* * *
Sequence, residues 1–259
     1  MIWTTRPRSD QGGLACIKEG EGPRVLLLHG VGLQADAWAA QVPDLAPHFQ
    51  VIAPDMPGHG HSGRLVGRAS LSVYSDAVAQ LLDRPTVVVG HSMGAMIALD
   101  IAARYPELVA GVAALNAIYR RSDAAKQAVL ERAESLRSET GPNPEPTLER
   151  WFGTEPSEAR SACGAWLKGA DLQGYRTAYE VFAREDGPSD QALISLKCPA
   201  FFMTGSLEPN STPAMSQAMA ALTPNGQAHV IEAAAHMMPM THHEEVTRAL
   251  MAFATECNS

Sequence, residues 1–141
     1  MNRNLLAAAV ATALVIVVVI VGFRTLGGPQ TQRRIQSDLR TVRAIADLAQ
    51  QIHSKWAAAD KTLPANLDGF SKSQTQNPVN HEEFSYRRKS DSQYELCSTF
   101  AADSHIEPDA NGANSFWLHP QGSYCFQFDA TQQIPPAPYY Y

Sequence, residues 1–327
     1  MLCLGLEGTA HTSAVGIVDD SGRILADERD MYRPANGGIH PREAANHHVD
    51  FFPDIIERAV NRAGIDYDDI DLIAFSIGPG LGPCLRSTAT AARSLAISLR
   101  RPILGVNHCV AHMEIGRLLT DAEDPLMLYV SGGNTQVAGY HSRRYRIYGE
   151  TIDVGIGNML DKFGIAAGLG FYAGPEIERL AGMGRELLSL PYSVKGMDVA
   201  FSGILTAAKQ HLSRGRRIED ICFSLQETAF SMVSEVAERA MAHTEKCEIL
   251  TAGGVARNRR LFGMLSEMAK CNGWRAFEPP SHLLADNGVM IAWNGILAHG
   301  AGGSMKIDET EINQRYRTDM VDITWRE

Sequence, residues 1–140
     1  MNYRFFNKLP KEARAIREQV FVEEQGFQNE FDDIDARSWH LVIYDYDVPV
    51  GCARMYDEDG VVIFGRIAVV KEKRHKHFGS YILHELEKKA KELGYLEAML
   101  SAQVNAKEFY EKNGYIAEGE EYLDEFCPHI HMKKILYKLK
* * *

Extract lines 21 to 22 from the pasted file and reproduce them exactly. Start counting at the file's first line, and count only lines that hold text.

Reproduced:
     1  MNYRFFNKLP KEARAIREQV FVEEQGFQNE FDDIDARSWH LVIYDYDVPV
    51  GCARMYDEDG VVIFGRIAVV KEKRHKHFGS YILHELEKKA KELGYLEAML